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Sunday, January 21, 2007

Quest against greenhouse gases takes on religious fervor

(For the record, I do not drive an SUV, my furnace is a high-efficiency gas burner, my windows are double-insulated and the attic was recently blown with ultra high r-value fill. In other words, please do not question my dedication to reduce fossil fuel use by any reasonable means. Furthermore, I enjoy hiking, biking, canoeing, ice and roller skating -- any outdoor activity that does not involve an engine. In other words, I am in favor of environmental protection.)

Tuesday night, at my brother-in-law's invitation, I listened to a lecture by a professional from the Minnesota Pollution Control Agency (MPCA) who added fuel to the fire for reducing carbon dioxide and other greenhouse gases. The venue was the men's club for a local Methodist church. The talk was introduced with an appeal for environmental stewardship as a Christian mission. It began with an explanation of the science behind greenhouse gases. To be fair, the speaker suggested that without any carbon dioxide, we would likely be a bit chilled -- perhaps by 60 degrees Fahrenheit! Next we saw the usual graphics on global warming over the the past century and back to the Middle Ages (for example, see this site by Woods Hole Research Center (protecting the integrity of the global evironment). Several people then pitched in with comments about how Al Gore dramatized this in the movie "An Inconvenient Truth" by climbing up a ladder to the peak of temperature. (I am suspicious of politicians and Hollywood actors preaching science, so this film remains unscreened.) One fellow, a retired PhD scientist, had the temerity to speak up that the connection of carbon dioxide to global warming is not yet proven and that other causes, not manmade, could have far greater impact on temperature increases or decreases. Seeing others in the audience squirm uncomfortably and even make faces to indicate how crazy this was, I knew that the earth's fate was sealed -- we are soon to be cooked in an atmospheric stew of our own making. The speakers then broke the church members into small groups to select from a handout of action items some things they would pledge to do (see the MPCA's "What Can We Do"). I am thinking about buying a bunch of cloth bags to bring my groceries home (one of the items). I've already done most everything else on the list.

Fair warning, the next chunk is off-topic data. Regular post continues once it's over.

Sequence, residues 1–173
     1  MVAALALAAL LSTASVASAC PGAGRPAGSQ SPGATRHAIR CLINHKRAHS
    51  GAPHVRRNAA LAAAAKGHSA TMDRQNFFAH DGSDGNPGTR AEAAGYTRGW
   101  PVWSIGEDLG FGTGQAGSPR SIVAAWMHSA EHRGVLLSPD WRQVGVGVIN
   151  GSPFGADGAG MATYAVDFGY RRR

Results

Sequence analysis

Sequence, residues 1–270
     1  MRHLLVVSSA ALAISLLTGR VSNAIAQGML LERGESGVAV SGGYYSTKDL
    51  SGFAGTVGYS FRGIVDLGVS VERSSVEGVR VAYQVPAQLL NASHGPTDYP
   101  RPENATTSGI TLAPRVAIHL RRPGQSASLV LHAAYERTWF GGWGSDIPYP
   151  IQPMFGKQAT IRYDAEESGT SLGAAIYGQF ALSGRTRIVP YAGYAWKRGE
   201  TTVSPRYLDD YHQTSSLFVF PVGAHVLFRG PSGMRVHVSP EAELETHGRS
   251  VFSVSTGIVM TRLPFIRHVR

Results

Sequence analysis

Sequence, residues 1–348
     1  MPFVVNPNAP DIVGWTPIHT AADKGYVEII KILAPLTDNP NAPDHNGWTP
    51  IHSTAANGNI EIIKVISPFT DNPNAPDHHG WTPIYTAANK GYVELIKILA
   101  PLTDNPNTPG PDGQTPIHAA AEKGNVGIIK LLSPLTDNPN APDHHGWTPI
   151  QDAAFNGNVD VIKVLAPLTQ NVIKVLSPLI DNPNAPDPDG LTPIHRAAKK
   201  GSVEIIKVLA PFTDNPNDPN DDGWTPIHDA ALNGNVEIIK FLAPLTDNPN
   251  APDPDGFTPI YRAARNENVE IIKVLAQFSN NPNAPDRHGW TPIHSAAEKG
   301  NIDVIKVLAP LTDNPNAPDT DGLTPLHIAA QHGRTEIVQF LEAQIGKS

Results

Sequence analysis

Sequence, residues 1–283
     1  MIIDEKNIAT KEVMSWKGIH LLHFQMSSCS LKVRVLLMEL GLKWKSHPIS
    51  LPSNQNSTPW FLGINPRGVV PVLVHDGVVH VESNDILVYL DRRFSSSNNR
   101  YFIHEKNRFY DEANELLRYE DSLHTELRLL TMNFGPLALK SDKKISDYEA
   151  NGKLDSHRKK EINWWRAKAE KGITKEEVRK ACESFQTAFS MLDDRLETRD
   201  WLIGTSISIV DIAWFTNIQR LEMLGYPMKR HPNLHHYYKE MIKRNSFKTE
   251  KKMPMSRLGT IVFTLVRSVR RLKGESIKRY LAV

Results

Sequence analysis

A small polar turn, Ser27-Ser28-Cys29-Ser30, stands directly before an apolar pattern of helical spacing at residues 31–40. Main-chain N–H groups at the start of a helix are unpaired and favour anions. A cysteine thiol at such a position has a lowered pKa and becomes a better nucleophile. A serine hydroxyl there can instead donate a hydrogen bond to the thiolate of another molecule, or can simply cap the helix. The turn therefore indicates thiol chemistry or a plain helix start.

What worries me more than global warming itself is the intermingling of politics and religion with climatology, for example the demands of a group led by Reverend Rich Cizik of the National Association of Evangelicals and Nobel laureate Eric Chivian of Harvard to make changes in values, lifestyles and public policy to avert global warming. Cizik told a news conference that "...Evangelicals have a responsibility to be even more vigilant than others. We will not allow the Creation to be ... destroyed by human folly." An opposing view is offered by Massachusetts Institute of Technology atmospheric scientist Richard Lindzen -- a critic of California's proposed legislation against global warming: "It's kind of pathetic because we have almost no understanding of major changes in climate over hundreds of thousands and millions of years...we're forecasting climate when our success in explaining it is about zero." (Source: CBS Broadcasting .)

Seeing the recent California freeze play havoc with citrus must give that state's citizens pause in their rush to join the global-warming evangelists.


  • At 10:09 AM, Anonymous Eric Kvaalen said…

    In my view, politics, religion, and science (such as climatology) are all part of life, and cannot be separated completely. My religion gives me motivation to do what is good for the world, and my religion is affected by my science. Science helps me understand what is going on in the world and helps me figure out how to do something about it. Politics is the way that we govern ourselves and bring about changes in society.

    I do use religious ideas when arguing for having a responsible attitude toward climate change. Some of my religious friends are so convinced that global warming is just a conspiracy by the "liberals" to gain more power, that I feel I have to challenge them to consider their ways. If they refuse to even look into the question of man's impact on the climate, are they "closing their eyes lest they should see and understand"? Are they among "those that destroy the earth"?

    If it is true that we are causing a huge change in the earth's climate and causing the extinction of many species of life, then I think it is appropriate to change "values, lifestyles, and public policy". Even if there is still some doubt about how much man has contributed to the recent global warming, we can't wait forever to be sure. Anyway we need to find alternatives to oil, because it's getting harder and harder to find.


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